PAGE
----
Biden Meets Japan PM To Discuss China Concerns & U.S. Steel Deal

During his tour to Washington, Japanese Prime Minister Fumio Kishida emphasized common concerns about China’s aggressive military actions in the Pacific.

This visit comes at a unique time when the two countries are publicly at odds over a Japanese business’s proposed acquisition of a famous and crucial American company.

Kishida visited with Brad Smith, vice chairman and president of Microsoft, and laid a wreath at Arlington National Cemetery. Before the state dinner, Biden and Kishida will meet in the East Room for discussions and a joint press conference. The visit coincides with Biden’s announcement last month that he is against the proposed sale of U.S. Steel, a steel company located in Pittsburgh, to Nippon Steel, a Japanese company. This has exposed a clear divide in the relationship, just as the two presidents are trying to strengthen it.

As Biden’s representative to Tokyo, Ambassador Rahm Emanuel attempted to minimize the effect on the relationship of Biden’s stance against the U.S. Steel purchase. According to a scheme that the Biden administration green-lit in February, a U.S. affiliate of the Japanese firm Mitsui would earn billions of dollars from selling cranes manufactured in the U.S.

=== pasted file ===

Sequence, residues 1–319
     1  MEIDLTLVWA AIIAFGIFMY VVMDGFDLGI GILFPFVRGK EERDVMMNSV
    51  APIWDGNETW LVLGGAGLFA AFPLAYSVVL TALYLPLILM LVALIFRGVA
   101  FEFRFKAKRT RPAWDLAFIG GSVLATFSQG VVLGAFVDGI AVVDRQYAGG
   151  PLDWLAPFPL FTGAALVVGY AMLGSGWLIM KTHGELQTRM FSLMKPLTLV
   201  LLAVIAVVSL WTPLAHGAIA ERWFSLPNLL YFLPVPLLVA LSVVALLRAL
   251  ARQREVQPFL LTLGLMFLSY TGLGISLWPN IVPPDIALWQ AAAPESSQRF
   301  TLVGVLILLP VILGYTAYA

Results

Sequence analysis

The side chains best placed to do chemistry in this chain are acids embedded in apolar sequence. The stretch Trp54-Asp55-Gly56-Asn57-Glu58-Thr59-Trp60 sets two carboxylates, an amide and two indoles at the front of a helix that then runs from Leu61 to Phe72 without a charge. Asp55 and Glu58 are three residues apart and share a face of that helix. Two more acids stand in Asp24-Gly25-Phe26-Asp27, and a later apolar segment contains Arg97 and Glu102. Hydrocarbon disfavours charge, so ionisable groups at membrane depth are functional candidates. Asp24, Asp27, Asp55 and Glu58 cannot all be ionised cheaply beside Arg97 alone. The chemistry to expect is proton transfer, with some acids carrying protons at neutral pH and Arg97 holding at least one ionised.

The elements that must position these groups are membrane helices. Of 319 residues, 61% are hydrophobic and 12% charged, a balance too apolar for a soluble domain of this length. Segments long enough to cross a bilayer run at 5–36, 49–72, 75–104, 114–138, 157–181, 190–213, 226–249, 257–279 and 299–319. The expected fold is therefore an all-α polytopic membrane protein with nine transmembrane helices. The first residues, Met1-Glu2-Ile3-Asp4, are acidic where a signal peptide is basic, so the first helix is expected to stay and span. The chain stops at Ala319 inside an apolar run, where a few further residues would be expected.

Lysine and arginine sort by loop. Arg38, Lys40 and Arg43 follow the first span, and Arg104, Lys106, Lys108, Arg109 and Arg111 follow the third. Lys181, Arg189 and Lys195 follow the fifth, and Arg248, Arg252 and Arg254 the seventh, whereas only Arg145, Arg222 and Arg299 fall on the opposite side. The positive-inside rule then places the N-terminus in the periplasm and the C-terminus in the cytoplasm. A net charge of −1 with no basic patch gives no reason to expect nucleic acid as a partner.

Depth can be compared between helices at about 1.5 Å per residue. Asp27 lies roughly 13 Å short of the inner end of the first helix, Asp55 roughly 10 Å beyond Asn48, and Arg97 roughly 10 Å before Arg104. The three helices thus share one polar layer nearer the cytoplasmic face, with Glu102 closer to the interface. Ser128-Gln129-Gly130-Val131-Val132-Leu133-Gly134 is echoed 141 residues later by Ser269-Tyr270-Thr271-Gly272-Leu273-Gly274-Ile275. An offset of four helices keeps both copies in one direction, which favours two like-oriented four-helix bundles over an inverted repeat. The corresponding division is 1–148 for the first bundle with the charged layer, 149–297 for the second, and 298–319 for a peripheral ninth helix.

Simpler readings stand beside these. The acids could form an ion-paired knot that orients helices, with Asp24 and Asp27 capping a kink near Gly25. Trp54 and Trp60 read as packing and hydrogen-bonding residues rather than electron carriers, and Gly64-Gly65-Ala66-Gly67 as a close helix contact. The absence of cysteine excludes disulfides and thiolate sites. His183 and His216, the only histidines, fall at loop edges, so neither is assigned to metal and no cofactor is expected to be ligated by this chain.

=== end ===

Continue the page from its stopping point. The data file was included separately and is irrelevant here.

Concerns over the potential impact on unionized workers, supply lines, and U.S. national security arose after Nippon Steel’s December announcement that it intended to acquire U.S. Steel for $14.1 billion in cash. Japan’s ambassador to Washington, Shigeo Yamada, left the question of whether Kishida will bring up the Nippon-U.S. Steel pact with Biden unanswered.

Despite dealing with the aftermath of Russia’s invasion of Ukraine and the protracted Israel-Hamas conflict, Biden has attempted to shift foreign policy attention to the Pacific. Kishida and Yoon Suk Yeol, the president of South Korea, were brought together by Biden last year at the presidential retreat in Camp David, Maryland.